Twilight Not a Feminist Faux Pas, Not Really
My friend Michele offered me a copy of Ms. Magazine's spring edition so that I could read Carmen D. Siering's critique of the Twilight Saga by Stephenie Meyer, "Taking a bite out of Twilight." Michele knows I'm a fan of the Young Adult book series. She knows I've read the books, seen the movie and discussed it with glee with my teenage daughter, though I was introduced to the books by women who worked for Barnes & Noble while at a writer's conference, initially as suggestions for my daughter though they all fessed up to reading them. But I put off reading the Ms. article for a couple of weeks, unwilling to have my harmless idyll skewered and roasted over a socio-political barbeque.
But a couple of days ago I finally read Siering's piece. Ironically, this was just after reading Judy Blume's Forever, which is considered a YA masterpiece in the coming-of-age genre—Michele said it was handed around from friend to friend in her circle as a young teen. Ironic, because while Twilight is all about abstinence and choosing to love forever, you could say that Forever is about promiscuity and giving up faith in a forever love. And let me say, abstinence comes out as waaay sexier and appealing.
Partly because Blume's book is almost unbearably realistic; the protagonist's boyfriend, Michael, is always pushing Katherine toward home base, despite promising again and again to keep hands off, and yet we're supposed to agree that he is a “nice guy” and loves her. The description of his lesson on giving a “hand job” may be typical (and many a former teenage girl will corroborate that) but the focus on “Ralph” the penis has all the romance and sweetness of a traffic education textbook. Even the initial sexual forays into “going all the way” are painful and frustrating for Katherine, who gets to have an orgasm somewhere around the sixth or seventh attempt.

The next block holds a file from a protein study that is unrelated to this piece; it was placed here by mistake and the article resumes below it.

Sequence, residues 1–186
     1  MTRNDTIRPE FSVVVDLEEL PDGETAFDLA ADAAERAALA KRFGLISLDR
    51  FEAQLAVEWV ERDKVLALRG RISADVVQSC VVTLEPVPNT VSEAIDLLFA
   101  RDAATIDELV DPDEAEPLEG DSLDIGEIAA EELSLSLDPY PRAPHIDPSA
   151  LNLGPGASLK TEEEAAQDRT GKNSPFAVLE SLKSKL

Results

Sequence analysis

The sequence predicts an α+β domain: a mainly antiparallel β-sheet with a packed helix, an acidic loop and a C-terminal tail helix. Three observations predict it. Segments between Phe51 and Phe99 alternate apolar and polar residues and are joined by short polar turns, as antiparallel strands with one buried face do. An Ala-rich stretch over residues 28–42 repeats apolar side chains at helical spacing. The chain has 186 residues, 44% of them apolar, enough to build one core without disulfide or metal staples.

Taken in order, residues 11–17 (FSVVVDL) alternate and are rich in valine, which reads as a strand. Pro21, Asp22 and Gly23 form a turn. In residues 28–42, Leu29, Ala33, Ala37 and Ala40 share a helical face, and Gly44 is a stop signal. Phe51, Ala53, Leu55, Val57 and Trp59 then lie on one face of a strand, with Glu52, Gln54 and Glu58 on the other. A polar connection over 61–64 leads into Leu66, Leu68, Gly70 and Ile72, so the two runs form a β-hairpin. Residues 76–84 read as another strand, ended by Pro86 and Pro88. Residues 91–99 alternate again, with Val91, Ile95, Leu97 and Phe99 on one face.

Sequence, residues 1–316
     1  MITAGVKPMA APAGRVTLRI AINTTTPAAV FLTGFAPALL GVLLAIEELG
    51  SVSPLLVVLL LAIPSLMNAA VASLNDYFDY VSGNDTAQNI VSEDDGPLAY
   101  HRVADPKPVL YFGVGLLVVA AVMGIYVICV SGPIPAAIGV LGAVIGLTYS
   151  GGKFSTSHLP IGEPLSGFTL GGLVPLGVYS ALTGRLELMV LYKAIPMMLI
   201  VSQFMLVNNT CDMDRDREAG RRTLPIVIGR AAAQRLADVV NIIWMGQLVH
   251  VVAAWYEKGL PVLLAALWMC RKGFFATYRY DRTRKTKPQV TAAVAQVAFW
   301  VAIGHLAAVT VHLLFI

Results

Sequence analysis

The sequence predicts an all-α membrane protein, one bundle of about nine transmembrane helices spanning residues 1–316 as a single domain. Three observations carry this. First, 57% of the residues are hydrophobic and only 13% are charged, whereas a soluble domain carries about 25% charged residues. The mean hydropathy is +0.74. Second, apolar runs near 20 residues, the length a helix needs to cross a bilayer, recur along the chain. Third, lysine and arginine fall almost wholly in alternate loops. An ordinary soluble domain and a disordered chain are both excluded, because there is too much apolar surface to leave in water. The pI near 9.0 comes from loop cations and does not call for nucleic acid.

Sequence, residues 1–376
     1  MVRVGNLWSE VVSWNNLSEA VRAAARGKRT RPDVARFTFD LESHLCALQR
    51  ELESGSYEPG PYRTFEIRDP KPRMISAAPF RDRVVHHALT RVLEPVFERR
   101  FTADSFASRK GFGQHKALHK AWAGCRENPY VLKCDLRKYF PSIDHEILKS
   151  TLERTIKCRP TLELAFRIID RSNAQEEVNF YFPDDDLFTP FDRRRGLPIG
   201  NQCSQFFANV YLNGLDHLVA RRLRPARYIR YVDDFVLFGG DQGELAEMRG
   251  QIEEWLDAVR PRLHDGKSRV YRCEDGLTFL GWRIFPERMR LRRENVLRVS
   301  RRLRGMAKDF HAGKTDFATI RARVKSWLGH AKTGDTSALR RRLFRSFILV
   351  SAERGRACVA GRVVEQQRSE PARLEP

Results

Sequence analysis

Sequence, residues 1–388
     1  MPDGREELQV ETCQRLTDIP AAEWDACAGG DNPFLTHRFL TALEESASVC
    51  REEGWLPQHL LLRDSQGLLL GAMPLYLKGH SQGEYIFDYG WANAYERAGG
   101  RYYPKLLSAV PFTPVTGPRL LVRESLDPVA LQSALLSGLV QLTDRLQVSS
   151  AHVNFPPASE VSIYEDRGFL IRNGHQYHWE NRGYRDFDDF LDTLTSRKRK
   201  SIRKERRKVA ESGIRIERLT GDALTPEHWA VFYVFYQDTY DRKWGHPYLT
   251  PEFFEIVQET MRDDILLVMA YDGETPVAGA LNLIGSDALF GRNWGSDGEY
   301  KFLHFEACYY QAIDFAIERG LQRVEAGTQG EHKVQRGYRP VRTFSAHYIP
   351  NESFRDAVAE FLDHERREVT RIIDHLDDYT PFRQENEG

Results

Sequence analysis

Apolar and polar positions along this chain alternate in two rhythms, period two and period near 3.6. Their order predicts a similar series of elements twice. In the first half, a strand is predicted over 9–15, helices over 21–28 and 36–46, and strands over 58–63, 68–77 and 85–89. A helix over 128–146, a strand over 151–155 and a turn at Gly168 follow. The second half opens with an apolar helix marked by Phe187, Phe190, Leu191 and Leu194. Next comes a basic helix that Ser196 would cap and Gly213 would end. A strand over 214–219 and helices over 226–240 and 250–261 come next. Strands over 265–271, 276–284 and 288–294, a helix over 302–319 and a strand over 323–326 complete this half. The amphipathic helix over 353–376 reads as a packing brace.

Yet seemingly he wants to be with her forever, and they plan to stay together, even though separated by evil, well-meaning parents who eventually sour their summer romance by sending them to jobs far from each other. In Katherine's case, they want to test the couple's attachment and make sure their little girl doesn't shack up with the first guy who gets in her pants, rather than sampling the sea of guys out there—something I have a hard time imagining as a parent. Forever ends with the message that there are plenty more fish in the sea, and inserts a pro-abortion message in the beginning, a family planning session in the middle, and a blithely lighthearted portrayal of an unapologetic-ally promiscuous teenager giving birth, giving away her baby, and going off to an Ivy league college as if nothing happened, near the end.
Twilight, on the other hand, arrives in readers' hands decades later, when we've learned that promiscuity can kill, abortions aren't that simple for anyone, and giving up a baby can have lasting consequences, even when it is the right thing to do. The divorce rate has doubled and all the fish have been sampling each other ad infinitum; no wonder a vampire fantasy about staying seventeen and in love with the perfect guy forever is garnering a huge audience of girls and women alike, wishing their Edward would rush in to save the day from STDs and swimming with the sharks.
To put my response to Twilight in perspective, I have a Women's Studies degree, have been in a monogamous lesbian relationship for twenty-two years, have given birth to three wonderful kids, two of them now teenagers, and slept with a handful of boys and men between sixteen and nineteen, three of them longish relationships, one of them I was in love with. I know a little about being a seventeen year-old girl (both protagonists are seventeen in Forever and Twilight).